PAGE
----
The men in this room are all convinced homosexuality is unnatural, foul, and needs not just rehabilitation but the actual self that is gay needs to be crucified with prayer, fasting, and many hours laying on the floor prostrate before God. Not curing or made over, but excised until a new self arises. The true me, made in the image of the Creator, is Lazarus in the tomb, they say. Hooking up, masturbating, drinking, and going to the gay bar, in other words the things that come natural, are the grave clothes covering up the true me. I so want to believe this me is the false self, and the true self is the Christian self. It seems that I not only need to die metaphorically, but almost literally. It sure doesn’t seem likely, but if God raised Jesus from the dead and Jesus opened blind eyes and cleansed the lepers, can’t that same God zap me into heterosexuality? Either it works or it does not. We all hug each other as we say goodbye, key because part of the “gender neurosis” is rooted in not having healthy ties and boundaries with men.

I hop in my car, toss the Living Waters Manual on the back seat, and go home. Within minutes, I log onto my AOL account and hop into a gay chat room. Why am I doing this? Ten minutes ago, was I not sitting in a room full of godly men trying to feel the power and get free? One of my AOL buddies instant messages me:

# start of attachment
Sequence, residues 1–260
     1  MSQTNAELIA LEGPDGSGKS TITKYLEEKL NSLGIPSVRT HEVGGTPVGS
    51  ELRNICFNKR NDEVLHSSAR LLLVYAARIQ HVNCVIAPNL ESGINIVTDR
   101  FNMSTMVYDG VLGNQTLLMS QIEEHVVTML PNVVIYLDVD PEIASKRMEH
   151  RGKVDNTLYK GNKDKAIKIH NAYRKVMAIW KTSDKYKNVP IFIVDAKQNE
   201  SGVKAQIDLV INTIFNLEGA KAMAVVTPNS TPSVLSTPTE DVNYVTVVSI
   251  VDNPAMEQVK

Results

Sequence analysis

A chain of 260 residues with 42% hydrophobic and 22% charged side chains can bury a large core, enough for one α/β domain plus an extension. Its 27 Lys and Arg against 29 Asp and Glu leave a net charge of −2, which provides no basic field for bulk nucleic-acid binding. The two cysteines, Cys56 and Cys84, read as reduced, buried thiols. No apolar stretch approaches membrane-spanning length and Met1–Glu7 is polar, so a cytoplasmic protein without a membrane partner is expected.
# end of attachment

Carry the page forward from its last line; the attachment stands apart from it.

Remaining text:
“Hey Sam? Where you been?”

“Oh, here and there, working a lot.”

“We need to connect man. It’s been a long time since I rode that dick.”

“Sounds good man. I’m tired. Long day and I gotta be at work early. We’ll connect soon.”

“Man, did I do something to piss you off? You’ve been pretty distant lately.”

“LOL. It’s not you. Just me and my shit. Under a lot of pressure. We’ll get together soon. Ciao.”

“Bye stud.”

My body shakes. Tim is masculine, styles hair at a high-end salon and loves to get up for brunch on Sundays, either at Café on Park or Hash House A Go Go in Hillcrest. We’d go nude bathing at Black’s Beach in La Jolla. The gay people, many clutching Speedos, towels, and sun block, stroll past the straights and head for the far end of the beach—the gay section. Sometimes guys are sucking each other off or actually fucking. It’s wild. Although Tim lives less than a mile away and I crave to see him, I don’t because I know where it will lead. It’s a comforting relationship—not quite boyfriends but more than fuck buddies.